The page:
"In May 2018, I was a healthy 28-year-old running for the Texas House. I decided to walk the entire length of my district and hold town halls along the way. I hike Big Bend every year, so I wasn't concerned about a 25 mile walk...

But halfway through the walk, I began feeling nauseous and fatigued. Before the town hall in Hutto, I vomited in the bathroom."

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Images courtesy of John Scully, Walden University, Ingrid Scully
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Since March of 2020, over 29 million Americans have been diagnosed with COVID-19, according to the CDC. Over 540,000 have died in the United States as this unprecedented pandemic has swept the globe. And yet, by the end of 2020, it looked like science was winning: vaccines had been developed.

In celebration of the power of science we spoke to three people: an individual, a medical provider, and a vaccine scientist about how vaccines have impacted them throughout their lives. Here are their answers:

John Scully, 79, resident of Florida

Photo courtesy of John Scully

When John Scully was born, America was in the midst of an epidemic: tens of thousands of children in the United States were falling ill with paralytic poliomyelitis — otherwise known as polio, a disease that attacks the central nervous system and often leaves its victims partially or fully paralyzed.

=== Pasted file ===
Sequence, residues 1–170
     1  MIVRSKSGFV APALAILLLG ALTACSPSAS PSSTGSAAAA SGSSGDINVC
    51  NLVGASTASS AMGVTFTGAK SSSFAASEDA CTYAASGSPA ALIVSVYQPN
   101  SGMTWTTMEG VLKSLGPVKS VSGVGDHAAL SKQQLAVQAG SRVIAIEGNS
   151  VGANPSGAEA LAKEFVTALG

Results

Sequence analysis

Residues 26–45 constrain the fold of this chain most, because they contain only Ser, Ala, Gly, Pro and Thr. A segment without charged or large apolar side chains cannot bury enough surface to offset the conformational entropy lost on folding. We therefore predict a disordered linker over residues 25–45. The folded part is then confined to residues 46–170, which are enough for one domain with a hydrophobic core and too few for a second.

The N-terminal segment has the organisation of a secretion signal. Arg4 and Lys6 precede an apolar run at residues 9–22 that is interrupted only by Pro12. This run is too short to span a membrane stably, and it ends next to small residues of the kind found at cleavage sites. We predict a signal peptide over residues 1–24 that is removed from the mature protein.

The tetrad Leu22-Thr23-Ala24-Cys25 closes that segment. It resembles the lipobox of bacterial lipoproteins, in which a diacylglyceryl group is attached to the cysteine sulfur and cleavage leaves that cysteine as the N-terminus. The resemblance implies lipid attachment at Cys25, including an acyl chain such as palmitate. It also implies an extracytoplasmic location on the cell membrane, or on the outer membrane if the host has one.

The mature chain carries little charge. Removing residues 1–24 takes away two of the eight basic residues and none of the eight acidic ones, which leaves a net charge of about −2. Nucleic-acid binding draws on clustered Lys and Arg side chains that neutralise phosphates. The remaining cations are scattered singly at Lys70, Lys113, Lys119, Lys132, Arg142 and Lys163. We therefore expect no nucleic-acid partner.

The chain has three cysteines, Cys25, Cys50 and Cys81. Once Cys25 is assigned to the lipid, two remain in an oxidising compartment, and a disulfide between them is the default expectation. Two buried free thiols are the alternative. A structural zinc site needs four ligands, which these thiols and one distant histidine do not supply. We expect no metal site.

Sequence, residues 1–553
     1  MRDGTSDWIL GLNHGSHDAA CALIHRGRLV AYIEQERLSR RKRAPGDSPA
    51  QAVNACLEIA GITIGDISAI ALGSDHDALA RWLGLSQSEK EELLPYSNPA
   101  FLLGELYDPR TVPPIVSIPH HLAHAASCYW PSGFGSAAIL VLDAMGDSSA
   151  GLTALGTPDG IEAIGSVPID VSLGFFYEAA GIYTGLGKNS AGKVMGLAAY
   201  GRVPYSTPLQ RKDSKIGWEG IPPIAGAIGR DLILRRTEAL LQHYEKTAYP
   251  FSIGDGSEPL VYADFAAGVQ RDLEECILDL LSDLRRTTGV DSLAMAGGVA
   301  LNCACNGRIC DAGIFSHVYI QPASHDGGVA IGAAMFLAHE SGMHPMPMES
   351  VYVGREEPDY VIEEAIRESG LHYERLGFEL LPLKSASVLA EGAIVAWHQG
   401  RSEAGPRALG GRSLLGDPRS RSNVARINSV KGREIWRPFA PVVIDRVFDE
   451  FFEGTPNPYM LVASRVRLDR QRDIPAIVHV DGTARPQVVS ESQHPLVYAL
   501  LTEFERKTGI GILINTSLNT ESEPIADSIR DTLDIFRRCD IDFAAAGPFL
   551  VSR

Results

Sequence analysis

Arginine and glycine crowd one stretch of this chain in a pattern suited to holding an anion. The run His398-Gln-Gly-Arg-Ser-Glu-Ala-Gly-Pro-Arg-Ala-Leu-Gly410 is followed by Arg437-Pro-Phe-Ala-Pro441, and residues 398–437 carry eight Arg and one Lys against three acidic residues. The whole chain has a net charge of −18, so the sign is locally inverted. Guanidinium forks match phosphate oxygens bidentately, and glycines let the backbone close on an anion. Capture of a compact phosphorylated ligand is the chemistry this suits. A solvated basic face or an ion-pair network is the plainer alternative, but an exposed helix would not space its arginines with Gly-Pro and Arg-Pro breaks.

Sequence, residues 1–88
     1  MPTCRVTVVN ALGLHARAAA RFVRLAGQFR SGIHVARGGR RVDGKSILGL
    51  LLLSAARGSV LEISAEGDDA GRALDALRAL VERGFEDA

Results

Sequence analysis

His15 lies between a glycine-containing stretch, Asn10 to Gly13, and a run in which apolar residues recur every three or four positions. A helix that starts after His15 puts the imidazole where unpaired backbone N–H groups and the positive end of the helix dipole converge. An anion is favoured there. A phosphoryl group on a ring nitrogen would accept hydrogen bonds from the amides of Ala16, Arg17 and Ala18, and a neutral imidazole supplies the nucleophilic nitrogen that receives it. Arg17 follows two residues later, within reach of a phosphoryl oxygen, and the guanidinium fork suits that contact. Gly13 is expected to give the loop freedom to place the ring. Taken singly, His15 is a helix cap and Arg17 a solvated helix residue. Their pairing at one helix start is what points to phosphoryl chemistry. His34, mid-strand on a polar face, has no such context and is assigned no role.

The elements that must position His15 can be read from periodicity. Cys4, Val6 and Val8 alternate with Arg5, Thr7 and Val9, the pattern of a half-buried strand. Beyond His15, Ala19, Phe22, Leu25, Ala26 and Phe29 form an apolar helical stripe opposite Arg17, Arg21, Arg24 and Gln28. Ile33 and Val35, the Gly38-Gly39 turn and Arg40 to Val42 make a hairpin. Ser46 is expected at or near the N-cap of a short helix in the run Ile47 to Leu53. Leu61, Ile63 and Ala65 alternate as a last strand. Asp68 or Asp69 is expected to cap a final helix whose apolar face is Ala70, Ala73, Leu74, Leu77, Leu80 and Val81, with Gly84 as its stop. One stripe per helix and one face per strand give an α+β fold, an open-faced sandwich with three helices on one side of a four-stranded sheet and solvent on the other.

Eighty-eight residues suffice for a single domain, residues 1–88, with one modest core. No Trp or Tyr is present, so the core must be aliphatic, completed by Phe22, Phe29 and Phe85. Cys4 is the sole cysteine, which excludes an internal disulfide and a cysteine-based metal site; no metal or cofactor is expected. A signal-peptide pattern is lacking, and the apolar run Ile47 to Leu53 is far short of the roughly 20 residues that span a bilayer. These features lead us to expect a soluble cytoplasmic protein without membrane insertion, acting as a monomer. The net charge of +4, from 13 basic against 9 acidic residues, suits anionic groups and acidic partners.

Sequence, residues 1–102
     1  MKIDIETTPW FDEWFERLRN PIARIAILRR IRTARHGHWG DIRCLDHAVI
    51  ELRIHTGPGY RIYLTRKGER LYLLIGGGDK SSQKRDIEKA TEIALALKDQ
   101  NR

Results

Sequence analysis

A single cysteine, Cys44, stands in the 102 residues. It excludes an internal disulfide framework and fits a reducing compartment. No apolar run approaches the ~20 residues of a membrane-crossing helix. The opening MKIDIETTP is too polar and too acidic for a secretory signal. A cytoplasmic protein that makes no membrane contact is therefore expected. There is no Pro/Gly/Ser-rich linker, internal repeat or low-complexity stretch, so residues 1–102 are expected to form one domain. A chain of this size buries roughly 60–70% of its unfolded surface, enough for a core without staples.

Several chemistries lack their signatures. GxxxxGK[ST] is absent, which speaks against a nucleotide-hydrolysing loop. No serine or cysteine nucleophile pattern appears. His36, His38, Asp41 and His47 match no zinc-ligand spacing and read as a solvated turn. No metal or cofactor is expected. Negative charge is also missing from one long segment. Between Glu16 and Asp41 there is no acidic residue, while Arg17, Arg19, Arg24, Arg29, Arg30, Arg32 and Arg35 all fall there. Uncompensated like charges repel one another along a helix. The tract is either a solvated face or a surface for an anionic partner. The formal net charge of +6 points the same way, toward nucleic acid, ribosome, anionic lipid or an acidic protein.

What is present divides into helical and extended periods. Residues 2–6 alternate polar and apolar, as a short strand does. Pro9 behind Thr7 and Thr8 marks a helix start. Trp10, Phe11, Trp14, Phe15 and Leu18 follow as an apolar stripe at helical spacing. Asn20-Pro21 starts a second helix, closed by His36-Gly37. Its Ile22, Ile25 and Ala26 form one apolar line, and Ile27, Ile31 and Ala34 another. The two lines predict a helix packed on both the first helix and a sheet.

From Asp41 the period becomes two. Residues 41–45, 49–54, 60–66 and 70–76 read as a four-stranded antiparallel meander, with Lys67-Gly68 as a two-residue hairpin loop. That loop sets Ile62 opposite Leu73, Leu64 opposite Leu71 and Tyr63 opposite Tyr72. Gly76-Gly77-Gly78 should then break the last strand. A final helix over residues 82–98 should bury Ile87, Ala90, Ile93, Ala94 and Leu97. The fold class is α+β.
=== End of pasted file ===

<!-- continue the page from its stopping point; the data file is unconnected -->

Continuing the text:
"As kids, we were all afraid of getting polio," he says, "because if you got polio, you could end up in the dreaded iron lung and we were all terrified of those." Iron lungs were respirators that enclosed most of a person's body; people with severe cases often would end up in these respirators as they fought for their lives.

John remembers going to see matinee showings of cowboy movies on Saturdays and, before the movie, shorts would run. "Usually they showed the news," he says, "but I just remember seeing this one clip warning us about polio and it just showed all these kids in iron lungs." If kids survived the iron lung, they'd often come back to school on crutches, in leg braces, or in wheelchairs.

"We all tried to be really careful in the summer — or, as we called it back then, 'polio season,''" John says. This was because every year around Memorial Day, major outbreaks would begin to emerge and they'd spike sometime around August. People weren't really sure how the disease spread at the time, but many believed it traveled through the water. There was no cure — and every child was susceptible to getting sick with it.

"We couldn't swim in hot weather," he remembers, "and the municipal outdoor pool would close down in August."

Then, in 1954 clinical trials began for Dr. Jonas Salk's vaccine against polio and within a year, his vaccine was announced safe. "I got that vaccine at school," John says. Within two years, U.S. polio cases had dropped 85-95 percent — even before a second vaccine was developed by Dr. Albert Sabin in the 1960s. "I remember how much better things got after the vaccines came out. They changed everything," John says.